Contemporary theories of early development and learning regard problem solving as a very important activity in young children’s cognitive development. Scaffolding indicates a process of joint problem solving in which an adult or a more capable peer provides guidance and support to help the child gain the best development in their zone of proximal development (ZPD). Both parents and teachers are significant adults in children’s early development. However, there exists a mismatch between aspirations of educators and the parents; this dissonance may originate in different conceptions of teaching and learning, and affect children’s cognitive development through their scaffolding behaviors towards children. In this study, a mother-child and a teacher-child problem solving episode were compared from two dimensions of scaffolding functions and scaffolding levels. It was found that both the mother and the teacher tried to execute the scaffolding functions of extending knowledge, reducing task complexity, transferring responsibility, and providing emotional support. But the mother took more responsibility on herself, and could not adjust her scaffolding according to her child’s performance contingently; while the teacher encouraged the child’s autonomy and could use the contingent rule smoothly. The differences of the scaffolding behaviors between mother and teacher might be attributed to differences in their educational beliefs. Copyright © 2007 The Authors.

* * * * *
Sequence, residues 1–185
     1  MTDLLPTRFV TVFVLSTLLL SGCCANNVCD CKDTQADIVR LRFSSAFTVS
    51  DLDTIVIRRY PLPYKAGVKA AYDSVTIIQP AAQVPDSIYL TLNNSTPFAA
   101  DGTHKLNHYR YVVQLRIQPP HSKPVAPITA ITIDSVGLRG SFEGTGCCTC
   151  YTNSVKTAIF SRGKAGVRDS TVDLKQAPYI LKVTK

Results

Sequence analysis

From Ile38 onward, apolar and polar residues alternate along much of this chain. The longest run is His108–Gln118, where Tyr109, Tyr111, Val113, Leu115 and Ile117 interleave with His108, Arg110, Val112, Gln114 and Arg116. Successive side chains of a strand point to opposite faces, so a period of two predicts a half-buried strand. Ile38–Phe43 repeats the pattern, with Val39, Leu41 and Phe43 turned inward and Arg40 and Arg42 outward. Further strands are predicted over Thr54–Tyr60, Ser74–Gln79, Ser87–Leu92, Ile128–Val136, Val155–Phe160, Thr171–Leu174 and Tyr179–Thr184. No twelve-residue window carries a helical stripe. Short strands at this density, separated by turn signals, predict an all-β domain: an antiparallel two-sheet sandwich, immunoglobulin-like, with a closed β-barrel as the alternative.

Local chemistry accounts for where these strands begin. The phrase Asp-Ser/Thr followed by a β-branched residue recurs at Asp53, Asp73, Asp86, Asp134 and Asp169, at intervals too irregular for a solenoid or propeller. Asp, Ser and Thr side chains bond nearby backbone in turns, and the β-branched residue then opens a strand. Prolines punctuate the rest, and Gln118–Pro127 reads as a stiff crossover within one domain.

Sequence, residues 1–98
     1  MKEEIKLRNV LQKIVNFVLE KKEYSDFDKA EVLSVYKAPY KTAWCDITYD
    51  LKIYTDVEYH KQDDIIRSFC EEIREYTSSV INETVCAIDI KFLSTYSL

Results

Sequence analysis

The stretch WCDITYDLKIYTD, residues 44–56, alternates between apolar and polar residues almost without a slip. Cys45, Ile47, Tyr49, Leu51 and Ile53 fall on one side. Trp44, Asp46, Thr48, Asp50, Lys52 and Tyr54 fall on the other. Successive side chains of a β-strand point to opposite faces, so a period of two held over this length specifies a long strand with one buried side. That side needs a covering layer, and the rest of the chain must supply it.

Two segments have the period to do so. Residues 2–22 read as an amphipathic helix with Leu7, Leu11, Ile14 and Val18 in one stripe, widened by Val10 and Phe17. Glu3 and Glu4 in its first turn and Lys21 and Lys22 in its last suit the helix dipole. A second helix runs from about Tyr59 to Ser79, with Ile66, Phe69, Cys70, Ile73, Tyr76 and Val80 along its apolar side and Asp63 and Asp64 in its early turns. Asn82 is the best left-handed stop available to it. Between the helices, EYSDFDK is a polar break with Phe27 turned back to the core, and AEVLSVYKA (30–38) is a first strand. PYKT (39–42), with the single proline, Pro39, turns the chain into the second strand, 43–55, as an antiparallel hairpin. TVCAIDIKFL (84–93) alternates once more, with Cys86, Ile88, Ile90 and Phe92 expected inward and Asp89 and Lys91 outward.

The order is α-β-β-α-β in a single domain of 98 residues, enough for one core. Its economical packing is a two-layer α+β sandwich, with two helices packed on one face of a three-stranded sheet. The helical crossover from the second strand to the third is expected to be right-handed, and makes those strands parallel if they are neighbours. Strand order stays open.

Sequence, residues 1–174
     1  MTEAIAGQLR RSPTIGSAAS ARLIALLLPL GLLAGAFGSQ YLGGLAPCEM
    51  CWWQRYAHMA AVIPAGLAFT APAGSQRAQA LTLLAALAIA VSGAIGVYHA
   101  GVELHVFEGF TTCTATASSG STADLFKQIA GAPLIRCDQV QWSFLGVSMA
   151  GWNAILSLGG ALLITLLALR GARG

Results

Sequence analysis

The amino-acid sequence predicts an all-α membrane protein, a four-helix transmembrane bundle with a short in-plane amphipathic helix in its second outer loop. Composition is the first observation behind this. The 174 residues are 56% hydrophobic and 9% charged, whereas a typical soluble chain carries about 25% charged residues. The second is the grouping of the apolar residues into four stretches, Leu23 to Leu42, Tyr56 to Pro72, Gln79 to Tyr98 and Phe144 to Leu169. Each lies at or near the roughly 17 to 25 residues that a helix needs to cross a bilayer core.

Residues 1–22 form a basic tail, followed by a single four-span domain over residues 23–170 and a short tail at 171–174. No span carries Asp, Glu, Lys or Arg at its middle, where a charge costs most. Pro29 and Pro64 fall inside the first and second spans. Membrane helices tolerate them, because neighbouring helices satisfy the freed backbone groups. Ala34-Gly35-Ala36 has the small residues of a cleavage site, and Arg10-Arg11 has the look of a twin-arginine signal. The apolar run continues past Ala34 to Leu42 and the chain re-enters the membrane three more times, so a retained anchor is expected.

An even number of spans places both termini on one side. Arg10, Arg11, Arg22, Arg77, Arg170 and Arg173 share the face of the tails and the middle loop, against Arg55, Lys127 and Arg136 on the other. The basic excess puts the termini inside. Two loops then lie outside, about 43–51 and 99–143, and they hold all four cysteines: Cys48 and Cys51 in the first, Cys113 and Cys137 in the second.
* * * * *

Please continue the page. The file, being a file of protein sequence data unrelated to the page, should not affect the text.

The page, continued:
|Title of host publication||Research studies in education|
|Editors||Darren Anthony BRYANT, Fang GAO, Barbara Bycent HENNIG, Wing Kai LAM|
|Place of Publication||Hong Kong|
|Publisher||Office of Research, Faculty of Education, University of Hong Kong|
|Publication status||Published - Dec 2007|
CitationSun, J. (2007). Comparing mother’s and teacher’s scaffolding in preschoolers’ problem solving: A case study. In D. A. Bryant, F. Gao, B. B. Hennig, & W. K. Lam (Eds.), Research studies in education (Vol. 5, pp. 147-158). Hong Kong: Office of Research, Faculty of Education, University of Hong Kong.
- Problem solving